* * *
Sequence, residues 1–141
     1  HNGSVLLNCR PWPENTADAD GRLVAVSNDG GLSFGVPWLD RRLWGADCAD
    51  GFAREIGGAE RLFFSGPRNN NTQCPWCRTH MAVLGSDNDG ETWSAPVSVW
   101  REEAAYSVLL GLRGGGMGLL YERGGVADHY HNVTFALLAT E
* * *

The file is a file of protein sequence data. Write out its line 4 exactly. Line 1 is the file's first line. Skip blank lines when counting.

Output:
   101  REEAAYSVLL GLRGGGMGLL YERGGVADHY HNVTFALLAT E